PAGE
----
The Deuce (September 9, HBO)

It’s not exactly a surprise that The Deuce is a good show. It’s an HBO series from David Simon about the rise of pornography and it stars two James Francos and one Maggie Gyllenhaal and a ton of people you recognize from The Wire, including Method Man, who plays a 1970s pimp. You could do a lot worse than that if you were dreamcasting a prestige-type drama. The first season was mostly a foundational layer, with both Francos (he’s playing twins, one a straight shooter and one a sleazeball) getting waist-deep into organized crime and Gyllenhaal’s character starting her rise from Times Square sex worker to East Coast porno tycoon.

Simon and his team have such a great track record and feel when it comes to these types of stories about society’s underbelly (and what that underbelly says and reveals about the rest of society’s body) that there’s no reason to be anything less than excited about where this goes in season two. And you really should see Method Man as a 1970s pimp. So there are a few reasons to watch. — Brian Grubb

American Vandal (September 14, Netflix)


BoJack Horseman (September 14, Netflix)

Arguably the best animated series currently airing, BoJack Horseman is, at once, a comedy that manages to accurately portray depression, throw viewers into frequent existential crises, and provide an endless amount of animal puns — which will surely continue in season five. The last season was a bit of a departure, occasionally putting BoJack aside to spend more time with the women (particularly Princess Carolyn) and their places in the world, while also ending with the most hopeful finale of the show’s run. Although Netflix is tight-lipped on details, the next season looks to be just as interesting — and heartbreaking — with some new voices (that I won’t dare spoil here) and, as creator Raphael Bob-Waksberg teased, more focus on Diane’s background. — Pilot Viruet

Maniac (September 21, Netflix)

What, exactly, is Maniac? Great question. I’m glad I asked it. The short answer is “a new dark comedy about psychological issues and mysterious pharmaceutical tests that stars Jonah Hill and Emma Stone as test subjects and Justin Theroux as an eccentric doctor named James Mantleray and was directed in its entirety by Cary Fukunaga.” The longer answer is “everything from the short answer plus an explanation about how it looks weird and unsettling and fascinating and also co-stars Sally Field.” There’s always a high-wire aspect to these types of ambitious series. It’s great if you can make it across. But if there’s a stumble and a wobble things can get dicey real fast. This looks really interesting, though, so fingers crossed. — Brian Grubb

9-1-1 (September 23, Fox)

9-1-1 burst on the scene last year with a baby in a toilet pipe 10 minutes into its premiere and never looked back. The latest network series from Ryan Murphy was really, impressively, apologetically wild. It was kind of fun. Bounce houses floated away with children in them, Angela Bassett shot a dude who was (allegedly) high on bath salts, Connie Britton performed an emergency Valentine’s Day tracheotomy on her 25-year-old sex addict firefighter date. That’s not even all of the things that happened. It’s not even close, to be honest. There were two different plane crashes and none of the first responders on the show mentioned the first crash during the second one, like it’s so common it’s not even worth mentioning. I could go on.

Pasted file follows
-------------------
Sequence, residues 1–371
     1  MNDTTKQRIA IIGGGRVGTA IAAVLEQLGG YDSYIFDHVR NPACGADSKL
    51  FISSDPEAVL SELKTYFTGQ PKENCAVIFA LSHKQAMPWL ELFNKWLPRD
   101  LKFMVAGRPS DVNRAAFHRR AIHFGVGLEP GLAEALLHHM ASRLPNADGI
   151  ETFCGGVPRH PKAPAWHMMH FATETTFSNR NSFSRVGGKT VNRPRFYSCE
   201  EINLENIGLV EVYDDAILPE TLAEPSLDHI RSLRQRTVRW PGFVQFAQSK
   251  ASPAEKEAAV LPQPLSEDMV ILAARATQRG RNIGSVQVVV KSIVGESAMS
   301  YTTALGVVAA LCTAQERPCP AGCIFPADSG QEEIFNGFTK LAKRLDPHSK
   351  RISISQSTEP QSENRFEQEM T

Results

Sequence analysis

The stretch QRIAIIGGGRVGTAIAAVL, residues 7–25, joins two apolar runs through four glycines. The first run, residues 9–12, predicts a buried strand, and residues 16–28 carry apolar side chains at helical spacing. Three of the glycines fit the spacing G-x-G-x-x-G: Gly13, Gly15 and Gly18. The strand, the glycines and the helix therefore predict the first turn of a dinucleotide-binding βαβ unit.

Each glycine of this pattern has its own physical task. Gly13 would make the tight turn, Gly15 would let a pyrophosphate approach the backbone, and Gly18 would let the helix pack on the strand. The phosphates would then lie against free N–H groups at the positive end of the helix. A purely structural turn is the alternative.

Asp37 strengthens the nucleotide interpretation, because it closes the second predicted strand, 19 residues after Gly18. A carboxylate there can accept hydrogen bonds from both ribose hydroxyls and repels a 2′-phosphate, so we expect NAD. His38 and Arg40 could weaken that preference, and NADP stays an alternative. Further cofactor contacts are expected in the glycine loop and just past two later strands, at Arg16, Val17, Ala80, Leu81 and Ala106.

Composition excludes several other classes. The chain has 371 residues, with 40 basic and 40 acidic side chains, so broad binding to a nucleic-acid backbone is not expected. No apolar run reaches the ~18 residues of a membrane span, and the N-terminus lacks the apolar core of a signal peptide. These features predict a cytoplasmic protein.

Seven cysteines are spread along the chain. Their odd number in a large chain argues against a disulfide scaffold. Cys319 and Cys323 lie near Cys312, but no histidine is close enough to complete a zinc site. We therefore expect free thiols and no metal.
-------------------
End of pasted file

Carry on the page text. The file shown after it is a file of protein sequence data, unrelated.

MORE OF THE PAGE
Season two returns this fall and brings with it two questions: How will the show replace the departing Connie Britton and how can it possibly top the first season? And the answers to those questions appear to be “with Jennifer Love Hewitt” and “well, there’s an earthquake in the teaser for the new season, so…” Good to have you back, 9-1-1. — Brian Grubb

The Good Place (September 27, NBC)


Michael Schur, you tremendous bastard. After upending expectations in The Good Place’s twisty season one finale, the Parks and Recreation and Brooklyn Nine-Nine creator did it again in season two. Not only did the final episode have Ted Danson playing a bartender on an acclaimed NBC sitcom for the first time since a little show called Cheers, it also wiped the show’s timeline clean. (Schur told Rolling Stone that he’d “rather leave a place, or a premise, too early than too late.”) Eleanor, Chidi, Tahani, and Jason now have another chance to do good (place) in the world, but will they take advantage of getting a second chance at life? One thing’s for sure: Jason’s going to be very happy with the Jacksonville Jaguars. — Josh Kurp

Murphy Brown (September 27, CBS)

OK, sure, there is really no need for another reboot/revival/sequel/whatever of an old sitcom but since networks insist on greenlighting them, at least Murphy Brown is one of the better choices. During the last two months, I raced through seven of the 10 original seasons and it became clear why Murphy Brown was given new life in 2018. It grappled with feminism, motherhood, politics (oh boy does it love politics), and, of course, news media — all topics that demand even more attention now. Sure, there are a lot of older episodes that don’t hold up and sure, there are bound to be a lot of poorly-written jokes with “fake news!” as the punchline but, well, it’s at least guaranteed to go over better than Roseanne. (Don’t quote me on that.) Plus, if nothing else, Murphy Brown 2.0 is providing a necessary service: Bringing Greek’s Jake McDorman back to my television screen (because Limitless and Manhattan Love Story don’t count). — Pilot Viruet